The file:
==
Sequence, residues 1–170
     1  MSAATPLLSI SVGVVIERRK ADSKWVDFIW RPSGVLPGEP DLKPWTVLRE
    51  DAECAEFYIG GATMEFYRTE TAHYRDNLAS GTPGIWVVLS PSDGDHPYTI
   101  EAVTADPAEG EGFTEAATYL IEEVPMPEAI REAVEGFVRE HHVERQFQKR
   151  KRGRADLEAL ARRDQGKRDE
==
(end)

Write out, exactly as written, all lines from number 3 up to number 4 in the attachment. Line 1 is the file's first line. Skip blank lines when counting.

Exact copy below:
    51  DAECAEFYIG GATMEFYRTE TAHYRDNLAS GTPGIWVVLS PSDGDHPYTI
   101  EAVTADPAEG EGFTEAATYL IEEVPMPEAI REAVEGFVRE HHVERQFQKR